Phone hack lawyer says Buscombe should resign

A lawyer called today for the resignation of Baroness Buscombe, chairman of the Press Complaints Commission, after she questioned evidence he gave to a Commons select committee over allegations of phone-hacking by reporters at the News of the World.

Buscombe told the Society of Editors conference last night she had seen a letter from Met Police lawyers claiming that an officer, DS Maberly, had been misquoted over the claim the News of the World may have intercepted 6,000 phone calls.

This contradicted evidence given to the Commons culture committee last month by solicitor Mark Lewis.

Lewis said in evidence to the committee he had been informed by Maberly that “they had found there were something like 6,000 people who were involved” in the phone hacking.

Press Gazette has today seen a letter sent by Lewis to Buscombe calling for to resign.

He says: “I am deeply concerned that you have thought it proper to criticise my evidence to the Culture, Media and Sport Select Committee without either having the courtesy or the propriety to put the allegations to me first. I regret that your failure to act properly has compromised any veneer of impartiality that you sought to create.

“The different versions of events that appear to have been given do not even amount to a conflict of evidence. It seems that you have chosen to accept the contents of a hearsay letter constructed on behalf of the Metropolitan Police rather than the first hand evidence that was given by me to the Select Committee.

“I am sure that upon mature reflection you will appreciate that in doing so you have betrayed any semblance of impartiality and regrettably ought to find yourself in a position where the honourable action would be for you to resign.”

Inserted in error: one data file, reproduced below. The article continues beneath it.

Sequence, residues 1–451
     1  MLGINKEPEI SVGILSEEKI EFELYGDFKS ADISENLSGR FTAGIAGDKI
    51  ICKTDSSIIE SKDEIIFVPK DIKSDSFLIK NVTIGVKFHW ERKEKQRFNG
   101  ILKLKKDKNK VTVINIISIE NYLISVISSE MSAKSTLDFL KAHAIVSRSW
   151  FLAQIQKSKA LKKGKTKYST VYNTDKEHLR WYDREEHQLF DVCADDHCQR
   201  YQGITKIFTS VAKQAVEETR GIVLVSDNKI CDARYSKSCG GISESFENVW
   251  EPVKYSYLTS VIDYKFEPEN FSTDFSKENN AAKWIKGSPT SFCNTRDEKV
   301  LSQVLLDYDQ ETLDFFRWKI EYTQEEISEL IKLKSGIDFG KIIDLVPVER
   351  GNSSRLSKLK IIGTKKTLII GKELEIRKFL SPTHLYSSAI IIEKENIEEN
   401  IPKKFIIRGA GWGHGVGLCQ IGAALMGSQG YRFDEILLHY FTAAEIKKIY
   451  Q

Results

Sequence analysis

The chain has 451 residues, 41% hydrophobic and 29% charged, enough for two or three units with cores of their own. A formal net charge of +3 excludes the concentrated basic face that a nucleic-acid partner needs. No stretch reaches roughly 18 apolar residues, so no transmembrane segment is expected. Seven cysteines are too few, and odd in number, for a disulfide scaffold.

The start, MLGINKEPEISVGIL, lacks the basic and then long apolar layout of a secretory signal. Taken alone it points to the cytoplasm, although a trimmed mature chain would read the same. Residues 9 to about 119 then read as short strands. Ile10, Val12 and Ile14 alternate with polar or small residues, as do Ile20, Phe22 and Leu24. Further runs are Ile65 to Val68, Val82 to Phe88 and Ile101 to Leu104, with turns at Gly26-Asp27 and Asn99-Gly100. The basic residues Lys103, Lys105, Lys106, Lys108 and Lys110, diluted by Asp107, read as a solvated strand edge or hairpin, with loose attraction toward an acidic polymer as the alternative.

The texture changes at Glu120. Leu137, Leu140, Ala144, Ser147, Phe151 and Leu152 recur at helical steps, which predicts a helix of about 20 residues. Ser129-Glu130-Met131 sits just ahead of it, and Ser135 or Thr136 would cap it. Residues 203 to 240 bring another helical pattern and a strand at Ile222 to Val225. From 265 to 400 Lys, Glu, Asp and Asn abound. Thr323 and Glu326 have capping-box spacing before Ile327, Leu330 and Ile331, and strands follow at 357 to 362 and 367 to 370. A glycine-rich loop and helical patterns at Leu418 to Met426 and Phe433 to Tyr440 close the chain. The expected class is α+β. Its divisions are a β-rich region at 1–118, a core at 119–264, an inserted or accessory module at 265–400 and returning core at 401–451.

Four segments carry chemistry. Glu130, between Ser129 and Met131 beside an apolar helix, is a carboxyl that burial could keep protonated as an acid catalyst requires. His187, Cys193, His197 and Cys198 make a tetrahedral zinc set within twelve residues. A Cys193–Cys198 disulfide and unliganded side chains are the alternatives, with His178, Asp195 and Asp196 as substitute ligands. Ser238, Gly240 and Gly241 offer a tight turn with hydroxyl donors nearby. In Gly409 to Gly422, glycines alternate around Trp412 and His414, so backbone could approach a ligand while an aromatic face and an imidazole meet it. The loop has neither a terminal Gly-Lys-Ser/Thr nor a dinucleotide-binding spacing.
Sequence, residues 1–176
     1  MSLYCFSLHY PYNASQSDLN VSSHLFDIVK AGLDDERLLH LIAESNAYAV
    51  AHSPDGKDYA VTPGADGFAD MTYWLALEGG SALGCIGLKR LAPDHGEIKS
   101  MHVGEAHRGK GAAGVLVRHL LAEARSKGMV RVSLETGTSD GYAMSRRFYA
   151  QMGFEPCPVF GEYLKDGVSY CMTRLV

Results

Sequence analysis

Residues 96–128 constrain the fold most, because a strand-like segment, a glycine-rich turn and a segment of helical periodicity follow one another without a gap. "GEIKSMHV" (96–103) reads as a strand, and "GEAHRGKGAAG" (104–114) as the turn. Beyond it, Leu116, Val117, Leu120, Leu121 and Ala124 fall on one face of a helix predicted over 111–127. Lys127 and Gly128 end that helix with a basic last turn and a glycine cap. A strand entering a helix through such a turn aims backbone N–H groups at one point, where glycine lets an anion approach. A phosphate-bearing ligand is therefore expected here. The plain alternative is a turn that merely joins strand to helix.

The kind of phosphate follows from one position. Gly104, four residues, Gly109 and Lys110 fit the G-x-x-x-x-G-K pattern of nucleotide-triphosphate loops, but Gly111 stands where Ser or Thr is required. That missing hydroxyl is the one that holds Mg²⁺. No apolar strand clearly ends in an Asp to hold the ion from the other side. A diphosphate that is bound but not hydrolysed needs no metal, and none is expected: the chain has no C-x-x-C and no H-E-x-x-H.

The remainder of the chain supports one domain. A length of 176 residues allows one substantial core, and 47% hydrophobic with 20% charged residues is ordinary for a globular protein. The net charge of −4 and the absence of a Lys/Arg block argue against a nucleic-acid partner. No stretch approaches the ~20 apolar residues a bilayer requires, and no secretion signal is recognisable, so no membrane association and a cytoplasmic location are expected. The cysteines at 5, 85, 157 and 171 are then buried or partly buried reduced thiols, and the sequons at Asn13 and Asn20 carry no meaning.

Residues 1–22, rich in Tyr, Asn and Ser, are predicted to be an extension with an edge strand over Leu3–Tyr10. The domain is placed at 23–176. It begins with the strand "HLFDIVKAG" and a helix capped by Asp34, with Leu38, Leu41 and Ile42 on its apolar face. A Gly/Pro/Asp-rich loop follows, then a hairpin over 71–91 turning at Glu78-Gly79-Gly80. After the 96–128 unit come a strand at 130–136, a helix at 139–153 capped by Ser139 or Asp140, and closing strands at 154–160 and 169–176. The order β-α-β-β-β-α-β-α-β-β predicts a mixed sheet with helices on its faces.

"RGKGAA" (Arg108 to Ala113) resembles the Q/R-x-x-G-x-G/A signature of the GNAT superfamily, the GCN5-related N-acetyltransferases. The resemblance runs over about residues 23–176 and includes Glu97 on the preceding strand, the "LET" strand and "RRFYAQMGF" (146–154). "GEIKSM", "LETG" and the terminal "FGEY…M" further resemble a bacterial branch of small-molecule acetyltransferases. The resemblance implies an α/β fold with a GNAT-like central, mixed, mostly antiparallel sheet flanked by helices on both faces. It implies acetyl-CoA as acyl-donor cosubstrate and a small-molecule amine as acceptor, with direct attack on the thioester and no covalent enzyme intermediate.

Lewis says that the conversation with Maberly in which the 6,000 figure was aired was witnessed by two other people, one of whom was a barrister.

The conversation happened as Lewis was acting for Gordon Taylor in his phone-hacking privacy action against the NoW.

He said: “The context of the conversation was the resolution of the application for Third Party Disclosure against the Metropolitan Police. You will be aware that the Metropolitan Police had not told victims of phone hacking that they were victims.

“It is a matter of great concern that you have still not sought to examine the underlying documentation that would disprove the contents of the letter sent by the Metropolitan Police.

“I was sceptical of the ‘whitewash’ report that the PCC had issued but had satisfied myself that the report was carefully constructed to record that you had investigated nothing and consequently found nothing. My concern now is that you have magnified those findings in such a way as to suggest that there were a mere handful of victims…

“If you had checked the underlying documents you would have realised that the police evidence was no more than ‘spin’. I find myself incredulous at the crassness of your statement.

“Even on the Gordon Taylor case, there were more examples of phone hacking than the ‘handful’ that was mentioned within your report or by the Metropolitan Police.

“Of course, it suits the Metropolitan Police to try and downplay their woeful failures to notify all the victims of unlawfulness. In the Taylor case there were numerous individuals whose phone messages were hacked, and whose numbers were therefore acquired by the enquiry agent Glenn Mulcaire.”

Lewis questioned the honesty of the News of the World over the phone-hacking matter – and suggested that the PCC should have censured the paper.

He said: “The PCC can be nothing unless it is a beacon of truth prepared to expose and criticise its own members where it is proper to do so.

“Whilst I am as strong an advocate as there can be for a free press as a balance to Parliament and the judiciary, I do so by balancing the absolute standard of honesty and the need to protect privacy.

“The unlawful access of phone messages in order to find tittle-tattle is wholly unacceptable by any decent standard. I should not have to remind you that it is your job to enforce those proper standards so that we can have an honest and free press not just a free press.”

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